solicitorship

solicitor

[suh-lis-i-ter]
noun
1.
a person who solicits.
2.
a person whose business it is to solicit business, trade, etc.
3.
an officer having charge of the legal business of a city, town, etc.
4.
(in England and Wales) a member of that branch of the legal profession whose services consist of advising clients, representing them before the lower courts, and preparing cases for barristers to try in the higher courts. Compare barrister ( def 1 ).

Origin:
1375–1425; late Middle English solicitour < Anglo-French; Middle French soliciteur. See solicit, -or2

solicitorship, noun


4. lawyer, attorney, counselor.
Dictionary.com Unabridged
Based on the Random House Dictionary, © Random House, Inc. 2014.
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World English Dictionary
solicitor (səˈlɪsɪtə)
 
n
1.  Compare barrister (in Britain) a lawyer who advises clients on matters of law, draws up legal documents, prepares cases for barristers, etc, and who may represent clients in certain courts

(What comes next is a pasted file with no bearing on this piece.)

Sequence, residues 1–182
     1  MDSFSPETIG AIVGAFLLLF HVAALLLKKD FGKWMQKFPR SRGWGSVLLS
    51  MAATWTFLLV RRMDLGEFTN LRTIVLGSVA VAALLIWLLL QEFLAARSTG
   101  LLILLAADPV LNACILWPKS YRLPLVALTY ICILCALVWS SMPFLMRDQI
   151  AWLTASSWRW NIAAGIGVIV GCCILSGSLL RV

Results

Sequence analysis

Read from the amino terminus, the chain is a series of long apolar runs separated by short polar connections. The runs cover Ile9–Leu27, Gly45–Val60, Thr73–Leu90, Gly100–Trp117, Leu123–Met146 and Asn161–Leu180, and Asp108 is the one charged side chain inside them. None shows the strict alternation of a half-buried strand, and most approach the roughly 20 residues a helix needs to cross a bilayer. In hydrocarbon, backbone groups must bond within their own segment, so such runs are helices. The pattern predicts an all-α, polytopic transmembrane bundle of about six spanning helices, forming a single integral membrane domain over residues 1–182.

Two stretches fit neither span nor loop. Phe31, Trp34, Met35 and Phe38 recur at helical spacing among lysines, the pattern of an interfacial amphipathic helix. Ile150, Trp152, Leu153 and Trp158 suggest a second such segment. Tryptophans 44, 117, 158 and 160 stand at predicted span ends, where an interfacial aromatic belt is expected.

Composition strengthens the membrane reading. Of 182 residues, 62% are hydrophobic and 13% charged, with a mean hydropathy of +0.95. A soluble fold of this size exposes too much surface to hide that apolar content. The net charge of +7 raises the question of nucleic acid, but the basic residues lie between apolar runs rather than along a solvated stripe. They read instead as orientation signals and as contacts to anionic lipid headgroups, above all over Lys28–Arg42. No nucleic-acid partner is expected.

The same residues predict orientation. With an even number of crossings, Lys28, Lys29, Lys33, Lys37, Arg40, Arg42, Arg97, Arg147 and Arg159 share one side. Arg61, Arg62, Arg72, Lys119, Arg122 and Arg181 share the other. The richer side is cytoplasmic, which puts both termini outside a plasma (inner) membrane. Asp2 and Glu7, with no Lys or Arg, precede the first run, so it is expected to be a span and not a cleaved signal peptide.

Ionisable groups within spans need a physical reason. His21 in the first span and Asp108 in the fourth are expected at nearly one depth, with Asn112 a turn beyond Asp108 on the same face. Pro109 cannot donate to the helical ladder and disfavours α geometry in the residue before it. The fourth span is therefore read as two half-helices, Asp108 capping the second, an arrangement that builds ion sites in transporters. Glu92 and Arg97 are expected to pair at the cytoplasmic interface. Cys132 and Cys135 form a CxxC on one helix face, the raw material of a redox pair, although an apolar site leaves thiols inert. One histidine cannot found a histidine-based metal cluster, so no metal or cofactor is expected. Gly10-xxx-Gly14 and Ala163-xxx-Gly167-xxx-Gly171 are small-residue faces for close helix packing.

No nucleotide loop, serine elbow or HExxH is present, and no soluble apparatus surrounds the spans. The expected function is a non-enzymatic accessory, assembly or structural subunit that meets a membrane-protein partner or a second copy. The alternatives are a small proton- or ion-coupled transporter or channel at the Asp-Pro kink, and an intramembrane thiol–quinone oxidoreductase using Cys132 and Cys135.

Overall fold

2.  (in the US) an officer responsible for the legal affairs of a town, city, etc
3.  a person who solicits
 
so'licitorship
 
n

Collins English Dictionary - Complete & Unabridged 10th Edition
2009 © William Collins Sons & Co. Ltd. 1979, 1986 © HarperCollins
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Word Origin & History

solicitor
early 15c., "one who urges," from M.Fr. soliciteur, from soliciter (see solicit). Meaning "one who conducts matters on behalf of another" is from early 15c. As a name for a specific class of legal practitioners in Britain, it is attested from 1570s.
Online Etymology Dictionary, © 2010 Douglas Harper
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